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Measuring supply chain performance in selected auto and auto

components industries
C. Sengottuvelu1, and Mohammed Naved Khan2
1

SCMS Cochin School of Business, Muttom, Aluva-683 106, Cochin, India.

Department of Business Administration, Aligarh Muslim University, Aligarh-202 002, India.

Email Id: sengottuvelu_c@yahoo.com


Abstract

Todays competitive pressures compel companies to continually seek new ways of doing
business. Supply chain management (SCM) is one such area which can provide the companies
with an effective tool to build an advantage no longer resides with the companys own
capabilities, but with the relationships that the firm can forge with their external partners the
customers, the suppliers and other service providers, forming a net work called the supply chain.
If the supply chain is not managed properly then the delivery gets affected resulting in customer
dissatisfaction and hence loss of business. In recent years, supply chain performance
measurement and metrics have received much attention from industry and researchers. The role
of these metrics and measures in the success of a company cannot be overstated because they
affect operational planning and control, tactical and strategic decisions. Performance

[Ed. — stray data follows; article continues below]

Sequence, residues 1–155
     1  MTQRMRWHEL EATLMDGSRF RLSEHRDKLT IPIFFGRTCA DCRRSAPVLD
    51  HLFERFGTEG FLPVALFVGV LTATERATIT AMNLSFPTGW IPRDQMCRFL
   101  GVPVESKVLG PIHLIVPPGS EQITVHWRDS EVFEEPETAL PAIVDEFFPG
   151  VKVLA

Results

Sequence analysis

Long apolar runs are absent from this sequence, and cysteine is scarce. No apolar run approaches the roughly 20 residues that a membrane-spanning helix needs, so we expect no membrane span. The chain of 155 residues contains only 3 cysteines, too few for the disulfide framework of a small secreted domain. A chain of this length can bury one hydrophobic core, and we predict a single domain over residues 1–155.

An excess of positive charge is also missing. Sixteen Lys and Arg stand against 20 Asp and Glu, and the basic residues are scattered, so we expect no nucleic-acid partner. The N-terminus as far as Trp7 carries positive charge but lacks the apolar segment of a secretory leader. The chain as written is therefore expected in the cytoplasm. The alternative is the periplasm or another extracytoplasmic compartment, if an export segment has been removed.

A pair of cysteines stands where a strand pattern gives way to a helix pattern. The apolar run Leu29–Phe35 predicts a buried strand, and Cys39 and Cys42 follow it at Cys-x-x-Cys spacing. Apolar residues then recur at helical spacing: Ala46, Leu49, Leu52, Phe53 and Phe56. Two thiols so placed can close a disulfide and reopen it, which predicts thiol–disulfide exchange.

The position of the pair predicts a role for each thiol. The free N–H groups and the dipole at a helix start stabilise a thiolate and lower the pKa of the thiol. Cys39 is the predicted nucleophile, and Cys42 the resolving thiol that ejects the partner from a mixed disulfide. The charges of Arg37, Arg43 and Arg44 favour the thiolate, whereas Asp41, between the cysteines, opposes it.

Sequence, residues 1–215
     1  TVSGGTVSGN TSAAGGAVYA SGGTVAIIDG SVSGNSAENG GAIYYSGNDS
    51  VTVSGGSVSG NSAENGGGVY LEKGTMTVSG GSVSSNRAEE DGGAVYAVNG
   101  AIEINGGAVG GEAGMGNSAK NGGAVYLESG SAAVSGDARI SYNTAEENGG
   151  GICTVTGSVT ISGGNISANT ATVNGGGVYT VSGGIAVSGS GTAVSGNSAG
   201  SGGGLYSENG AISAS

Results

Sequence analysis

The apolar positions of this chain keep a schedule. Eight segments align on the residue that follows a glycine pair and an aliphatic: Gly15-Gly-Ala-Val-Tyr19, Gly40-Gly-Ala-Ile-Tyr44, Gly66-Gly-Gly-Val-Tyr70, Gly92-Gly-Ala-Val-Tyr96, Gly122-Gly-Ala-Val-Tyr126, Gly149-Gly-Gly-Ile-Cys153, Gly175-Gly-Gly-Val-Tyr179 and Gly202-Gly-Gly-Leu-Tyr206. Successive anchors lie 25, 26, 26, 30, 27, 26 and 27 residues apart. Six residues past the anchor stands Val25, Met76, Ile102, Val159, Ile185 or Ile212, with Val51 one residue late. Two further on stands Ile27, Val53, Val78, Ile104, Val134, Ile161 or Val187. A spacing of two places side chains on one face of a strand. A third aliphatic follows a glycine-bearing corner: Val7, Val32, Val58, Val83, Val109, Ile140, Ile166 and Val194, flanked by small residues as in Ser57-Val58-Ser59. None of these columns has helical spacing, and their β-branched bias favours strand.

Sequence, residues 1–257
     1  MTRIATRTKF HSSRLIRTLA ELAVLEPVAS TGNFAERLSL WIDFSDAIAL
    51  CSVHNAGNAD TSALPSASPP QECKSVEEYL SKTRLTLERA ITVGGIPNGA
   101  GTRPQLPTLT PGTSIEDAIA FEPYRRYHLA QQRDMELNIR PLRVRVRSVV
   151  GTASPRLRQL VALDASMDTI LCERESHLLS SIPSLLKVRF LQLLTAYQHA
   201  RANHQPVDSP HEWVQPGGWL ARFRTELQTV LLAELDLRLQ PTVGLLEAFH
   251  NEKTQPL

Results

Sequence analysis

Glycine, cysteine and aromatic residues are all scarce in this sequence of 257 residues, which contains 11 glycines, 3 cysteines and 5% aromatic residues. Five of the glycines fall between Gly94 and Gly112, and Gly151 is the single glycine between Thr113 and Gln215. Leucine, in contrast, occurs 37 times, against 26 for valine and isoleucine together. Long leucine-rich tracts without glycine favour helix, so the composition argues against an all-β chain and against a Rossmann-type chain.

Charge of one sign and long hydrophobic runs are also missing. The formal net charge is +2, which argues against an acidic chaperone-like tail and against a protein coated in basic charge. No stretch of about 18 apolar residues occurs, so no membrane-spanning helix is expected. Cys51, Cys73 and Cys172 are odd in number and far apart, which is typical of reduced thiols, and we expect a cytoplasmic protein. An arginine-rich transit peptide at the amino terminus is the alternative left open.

measurement and metrics have an important role to play in setting objectives, evaluating
performance, and determining future courses of actions. The process of choosing appropriate
supply chain performance measures is difficult due to the complexity of these supply chains. The
paper presents an overview and evaluation of the performance measured in supply chain models
and also presents a bench marking study in selected automobile Industries. Four types of SCOR
level-I metrics such as cycle time, cost, assets and quality are identified for measuring supply
chain performance measurements. The study was conducted in 20 companies in auto and auto
components industries who have already implemented some of the SCM initiatives in their
organization. Further, statistical analysis was carried out and the industry best-in- class results
were compared for bench marking. Using the current literature and the results of an empirical
study conducted by earlier authors were compared and discussed. Based on key findings,
recommendations were made for implementation.
Keywords: Supply chain management, performance metrics, automobile industries, bench marking.

1.0 INTRODUCTION
Shortened product life cycle, increased competition and high expectations of customers have forced many
leading edge companies to move from physical logistics management to more advanced Supply Chain
Management (SCM).Additionally, in recent years it has been seen that many companies have reduced their
manufacturing cost as much as it is practically possible. Therefore in many cases the only possible way to further
reduce the cost and lead times is with effective SCM.
In addition to cost reduction, the SCM also facilitates customer service, inventories, transportation systems
and whole distribution networks so that organizations are able to meet or even exceed and delight their customers
expectations.
The SCM is the integration of key business process from goods end user through original suppliers, which